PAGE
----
From Sound to Noise, to... Music!
How do we get from “sound” to “music”? We might say that the place in between is “noise”.
Look at the following definitions, of “sound”, “noise”, and “music”. Focus on the words in bold, as they indicate the main differences between the three.
A form of energy produced when things vibrate
Examples: One finger snap, a door shutting, a glass put down on the table, the car starting up…
Continuous, irregular sound, or many continuous sounds; usually considered to be displeasing
Examples: The sound of a radio when it’s not on a station; lots of people talking all at once in a room…
Continuous, organized sounds that are usually pleasing, at least to some people
Examples: Songs, symphonies, operas, musical theater, jazz, classical, pop, Gregorian chant…
Music produces regular sound waves
Any sound, noise or music generates sound waves. There’s an instrument called an oscilloscope that lets us visualize these sound waves.
Look at the three illustrations below, generated by a virtual oscilloscope.
In the first illustration, you see the waveforms generated by one finger snap. In the second, a plastic object was put down on a table. The third is a sung note.
Can you see how the third waveform is more regular? How the other two waveforms look more random?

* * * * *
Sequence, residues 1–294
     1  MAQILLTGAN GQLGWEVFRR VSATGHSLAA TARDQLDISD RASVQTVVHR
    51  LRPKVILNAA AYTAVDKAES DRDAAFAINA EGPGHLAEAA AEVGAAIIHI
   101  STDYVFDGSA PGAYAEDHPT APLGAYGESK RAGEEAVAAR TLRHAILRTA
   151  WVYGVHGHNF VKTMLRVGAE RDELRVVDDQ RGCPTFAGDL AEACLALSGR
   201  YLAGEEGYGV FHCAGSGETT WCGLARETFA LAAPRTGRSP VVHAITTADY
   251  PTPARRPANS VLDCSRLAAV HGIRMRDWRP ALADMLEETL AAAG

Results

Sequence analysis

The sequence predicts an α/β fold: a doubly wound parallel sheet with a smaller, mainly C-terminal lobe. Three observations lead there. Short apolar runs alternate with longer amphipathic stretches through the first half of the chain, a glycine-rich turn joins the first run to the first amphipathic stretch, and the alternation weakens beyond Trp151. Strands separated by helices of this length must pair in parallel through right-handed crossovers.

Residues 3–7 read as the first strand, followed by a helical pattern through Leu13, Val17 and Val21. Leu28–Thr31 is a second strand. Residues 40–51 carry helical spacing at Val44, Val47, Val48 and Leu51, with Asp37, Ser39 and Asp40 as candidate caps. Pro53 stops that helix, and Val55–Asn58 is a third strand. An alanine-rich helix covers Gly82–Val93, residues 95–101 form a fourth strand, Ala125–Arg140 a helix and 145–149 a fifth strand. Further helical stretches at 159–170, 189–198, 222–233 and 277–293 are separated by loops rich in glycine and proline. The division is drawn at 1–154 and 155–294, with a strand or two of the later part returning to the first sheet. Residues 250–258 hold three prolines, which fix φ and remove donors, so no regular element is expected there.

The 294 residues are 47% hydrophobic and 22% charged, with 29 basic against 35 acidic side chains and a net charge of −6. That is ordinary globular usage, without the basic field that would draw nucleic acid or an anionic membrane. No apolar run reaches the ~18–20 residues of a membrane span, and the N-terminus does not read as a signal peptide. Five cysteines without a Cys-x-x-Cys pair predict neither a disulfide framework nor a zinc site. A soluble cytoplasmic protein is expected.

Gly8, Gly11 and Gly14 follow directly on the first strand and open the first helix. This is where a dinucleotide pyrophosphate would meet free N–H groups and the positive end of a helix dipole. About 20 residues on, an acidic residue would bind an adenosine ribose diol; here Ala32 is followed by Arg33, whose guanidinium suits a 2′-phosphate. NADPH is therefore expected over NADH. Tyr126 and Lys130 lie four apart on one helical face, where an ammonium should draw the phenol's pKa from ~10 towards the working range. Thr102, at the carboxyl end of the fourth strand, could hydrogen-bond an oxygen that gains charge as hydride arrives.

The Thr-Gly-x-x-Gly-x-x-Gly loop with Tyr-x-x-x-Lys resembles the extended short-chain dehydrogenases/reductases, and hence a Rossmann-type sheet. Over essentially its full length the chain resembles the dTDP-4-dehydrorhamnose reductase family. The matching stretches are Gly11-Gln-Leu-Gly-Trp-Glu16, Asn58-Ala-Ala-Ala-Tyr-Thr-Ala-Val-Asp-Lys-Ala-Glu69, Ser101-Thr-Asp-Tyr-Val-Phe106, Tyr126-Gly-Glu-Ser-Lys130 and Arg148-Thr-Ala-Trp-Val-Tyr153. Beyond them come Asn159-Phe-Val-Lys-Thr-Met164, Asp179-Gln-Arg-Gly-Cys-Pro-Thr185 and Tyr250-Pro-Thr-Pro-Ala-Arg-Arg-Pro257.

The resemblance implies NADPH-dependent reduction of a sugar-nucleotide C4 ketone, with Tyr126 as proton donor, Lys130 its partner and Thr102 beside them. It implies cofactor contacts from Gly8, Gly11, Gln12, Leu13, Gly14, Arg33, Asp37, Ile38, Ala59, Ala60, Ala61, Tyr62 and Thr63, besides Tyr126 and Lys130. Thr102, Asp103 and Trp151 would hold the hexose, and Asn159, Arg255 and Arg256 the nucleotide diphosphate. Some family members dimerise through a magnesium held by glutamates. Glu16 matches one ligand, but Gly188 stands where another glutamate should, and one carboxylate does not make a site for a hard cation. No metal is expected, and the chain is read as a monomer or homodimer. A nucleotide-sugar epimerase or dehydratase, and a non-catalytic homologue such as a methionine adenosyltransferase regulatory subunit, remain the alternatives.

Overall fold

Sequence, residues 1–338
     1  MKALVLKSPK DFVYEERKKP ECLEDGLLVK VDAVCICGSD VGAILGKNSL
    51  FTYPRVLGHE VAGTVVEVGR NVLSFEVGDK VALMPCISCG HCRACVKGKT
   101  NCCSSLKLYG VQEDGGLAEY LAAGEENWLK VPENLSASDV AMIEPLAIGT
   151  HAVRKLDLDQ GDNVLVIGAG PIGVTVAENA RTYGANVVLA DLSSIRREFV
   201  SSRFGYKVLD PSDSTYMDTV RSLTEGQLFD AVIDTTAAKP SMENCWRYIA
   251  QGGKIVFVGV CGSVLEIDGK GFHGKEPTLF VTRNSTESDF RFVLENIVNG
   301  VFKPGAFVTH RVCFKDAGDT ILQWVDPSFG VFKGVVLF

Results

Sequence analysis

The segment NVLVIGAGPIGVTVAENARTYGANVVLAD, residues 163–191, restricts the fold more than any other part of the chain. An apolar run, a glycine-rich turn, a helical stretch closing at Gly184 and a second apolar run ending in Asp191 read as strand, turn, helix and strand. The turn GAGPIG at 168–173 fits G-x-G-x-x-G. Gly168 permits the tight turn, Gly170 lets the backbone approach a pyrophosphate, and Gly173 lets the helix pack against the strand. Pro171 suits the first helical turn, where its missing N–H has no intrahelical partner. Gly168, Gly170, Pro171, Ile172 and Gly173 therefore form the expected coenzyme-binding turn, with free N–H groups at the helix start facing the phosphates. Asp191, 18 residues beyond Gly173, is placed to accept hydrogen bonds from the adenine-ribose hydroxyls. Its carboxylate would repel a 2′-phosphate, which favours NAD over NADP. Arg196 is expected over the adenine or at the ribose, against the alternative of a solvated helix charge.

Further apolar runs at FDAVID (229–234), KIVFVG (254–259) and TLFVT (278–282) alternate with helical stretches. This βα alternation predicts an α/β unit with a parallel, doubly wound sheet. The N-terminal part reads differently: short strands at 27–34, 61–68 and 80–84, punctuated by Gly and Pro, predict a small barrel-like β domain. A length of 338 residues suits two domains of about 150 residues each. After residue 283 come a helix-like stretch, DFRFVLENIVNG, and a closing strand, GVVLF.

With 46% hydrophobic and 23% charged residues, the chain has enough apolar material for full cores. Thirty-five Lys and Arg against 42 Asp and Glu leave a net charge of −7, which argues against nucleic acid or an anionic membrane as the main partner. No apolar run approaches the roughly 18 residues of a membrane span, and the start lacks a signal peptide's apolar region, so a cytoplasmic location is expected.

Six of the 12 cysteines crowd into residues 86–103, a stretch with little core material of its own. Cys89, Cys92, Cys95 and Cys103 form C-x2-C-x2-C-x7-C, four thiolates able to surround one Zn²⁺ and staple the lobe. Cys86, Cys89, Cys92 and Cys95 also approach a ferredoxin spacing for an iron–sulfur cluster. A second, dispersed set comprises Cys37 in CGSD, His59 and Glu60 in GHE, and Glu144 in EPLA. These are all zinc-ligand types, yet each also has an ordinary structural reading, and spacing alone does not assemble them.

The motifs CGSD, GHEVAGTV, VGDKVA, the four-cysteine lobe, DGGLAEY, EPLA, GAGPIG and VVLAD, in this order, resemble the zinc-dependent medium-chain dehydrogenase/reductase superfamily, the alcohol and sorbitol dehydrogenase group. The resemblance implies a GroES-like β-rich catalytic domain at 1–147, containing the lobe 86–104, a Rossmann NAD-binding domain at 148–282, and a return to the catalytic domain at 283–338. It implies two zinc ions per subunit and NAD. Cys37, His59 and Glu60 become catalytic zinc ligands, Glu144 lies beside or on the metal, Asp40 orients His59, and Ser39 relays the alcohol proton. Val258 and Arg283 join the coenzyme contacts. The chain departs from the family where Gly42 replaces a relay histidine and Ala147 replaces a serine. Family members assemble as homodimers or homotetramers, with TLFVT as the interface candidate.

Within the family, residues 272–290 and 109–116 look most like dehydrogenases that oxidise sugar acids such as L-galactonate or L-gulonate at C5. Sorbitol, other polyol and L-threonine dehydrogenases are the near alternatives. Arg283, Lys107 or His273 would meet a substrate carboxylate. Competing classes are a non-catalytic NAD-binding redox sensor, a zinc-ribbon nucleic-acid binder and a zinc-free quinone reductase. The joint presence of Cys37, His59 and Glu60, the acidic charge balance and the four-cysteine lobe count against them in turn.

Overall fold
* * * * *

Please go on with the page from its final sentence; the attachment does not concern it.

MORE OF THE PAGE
The third sound, singing, generated a regular, organized waveform. The first two actions didn’t.
Finger snap (random waveform)
Object put down on the table (random waveform)
Singing a note (regular, organized waveform)
Try it yourself below! Try singing, making animal noises, hitting objects together. You can freeze the waveforms using a tick box (“freeze live input”) on the right. Do you notice which waveforms seem more regular? What were you doing when you noticed a regular waveform? Were you making music? Was it another sound that generated a regular waveform, but wouldn’t be considered music? (If it doesn’t work, just click on the link at the right to go directly to their website. You’ll need to let the site access your microphone.)
When and how do “sound” or “noise” become “music”?
If music is made up of sound, silence, and time, can every sound be music? Is the sound of a copy machine – rhythmic, regular – music? Is the sound of toast popping out of the toaster music? Is a vacuum cleaner making music as it sucks the dust off the floor?
One way to define music (as opposed to sound) is that it is more “pleasing” to listen to. That’s a tough one to determine, though, because we don’t all like the same kind of music!
An easier way to think about the difference is that music is “ordered”, and noise is not (intentionally.)
However, there is actually a genre of music called “noise music”. It’s usually kind of dark, and not everybody agrees that it IS music. When composers experiment with sound, the line between “noise” and “music” can sometimes get very thin.
Some musicians have a sense of humor about including non-conventional instruments in their performances. In 1973, Barbra Streisand did a television special, and some unusual instruments made their appearance. Take a look!
Take this little quiz to see how much you remember about sound, noise, and music.
Questions for thought
- Is rain noise or music? Why do you think so?
- If you’re playing a loud song that I don’t like, can I call it “noise”? If so, why? How would you argue that it’s not noise?
- Are there some sounds and noises that sound like music to you, even though technically, they’re not?